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Obama, Romney teams 'lawyer up' for Election Day vote disputes

Thousands of partisan lawyers and poll-watchers have fanned out across the country, ready to fight over contested votes on Election Day. Nobody wants a repeat of Florida's contentious 2000 recount.

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Bush v. Gore, of course, was the controversial US Supreme Court decision that abruptly ended a recount in Florida in 2000, sending to the White House the man who’d lost the popular vote nationwide by more than half a million votes.

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In addition to the campaigns, other political entities are ready to jump in.

On the GOP side, that includes the Republican National Committee and the National Republican Congressional Committee. The National Republican Lawyers Association has 4,500 members at the ready, reports the Washington Post, some of them keeping an eye on 30,000 absentee ballots being hand-counted in Florida because a printing error meant they couldn’t be electronically scanned.

Heading up the Republican effort is Romney chief counsel Benjamin Ginsberg, who was heavily involved on the Bush side of the Florida recount 12 years ago.

Democrats are getting legal help from several hundred labor union lawyers and an “election protection” coalition led by the Lawyers' Committee for Civil Rights Under Law, which is providing some 2,000 volunteers manning call centers should anybody want to report Election Day funny business. Leading the overall legal effort for the D’s is former Obama White House general counsel Robert Bauer.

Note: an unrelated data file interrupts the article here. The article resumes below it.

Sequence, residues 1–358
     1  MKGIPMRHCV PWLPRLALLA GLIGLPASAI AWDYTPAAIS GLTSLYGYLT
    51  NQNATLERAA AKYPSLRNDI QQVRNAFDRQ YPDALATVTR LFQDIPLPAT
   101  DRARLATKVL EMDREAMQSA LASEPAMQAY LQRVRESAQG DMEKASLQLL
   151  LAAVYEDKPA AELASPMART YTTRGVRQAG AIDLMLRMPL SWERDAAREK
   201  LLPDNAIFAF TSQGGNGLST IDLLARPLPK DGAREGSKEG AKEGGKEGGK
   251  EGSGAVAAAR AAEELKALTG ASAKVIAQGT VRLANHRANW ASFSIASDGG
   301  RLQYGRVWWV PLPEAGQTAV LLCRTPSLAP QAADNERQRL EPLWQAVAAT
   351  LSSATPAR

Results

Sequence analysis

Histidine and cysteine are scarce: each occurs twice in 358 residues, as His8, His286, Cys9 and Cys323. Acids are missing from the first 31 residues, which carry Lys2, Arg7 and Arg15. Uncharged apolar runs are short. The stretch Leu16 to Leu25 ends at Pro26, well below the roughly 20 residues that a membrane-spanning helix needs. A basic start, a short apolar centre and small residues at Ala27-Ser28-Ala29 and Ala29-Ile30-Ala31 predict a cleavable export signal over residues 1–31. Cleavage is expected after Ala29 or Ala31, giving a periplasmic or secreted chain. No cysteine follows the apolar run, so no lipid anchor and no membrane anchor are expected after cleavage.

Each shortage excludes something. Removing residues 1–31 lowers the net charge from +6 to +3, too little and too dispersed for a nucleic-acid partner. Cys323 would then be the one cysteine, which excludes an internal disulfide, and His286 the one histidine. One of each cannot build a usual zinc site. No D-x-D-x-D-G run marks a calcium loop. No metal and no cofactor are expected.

Mr. Bauer and Mr. Ginsberg know each other well; they negotiated the terms of the presidential and vice-presidential debates.

Weeks before the election, partisan lawyers already were fighting over new election laws in about 20 states, which critics said could suppress the vote. For the most part, courts sided with Democrats in turning back those efforts, many of which focused on a requirement for voters to present identification.

“Contrary to some reports, there have not been far-reaching and significant changes to voter ID laws in the battleground states since 2008,” Bauer and Obama campaign senior strategist Stephanie Cutter wrote in a widely circulated memo. “In states like North Carolina, Iowa, and Michigan, proposed changes were rejected and did not become law; in other states like Ohio, New Hampshire, Wisconsin and Pennsylvania, legal challenges have proven highly successful in turning back unconstitutional attacks on voting rights.”


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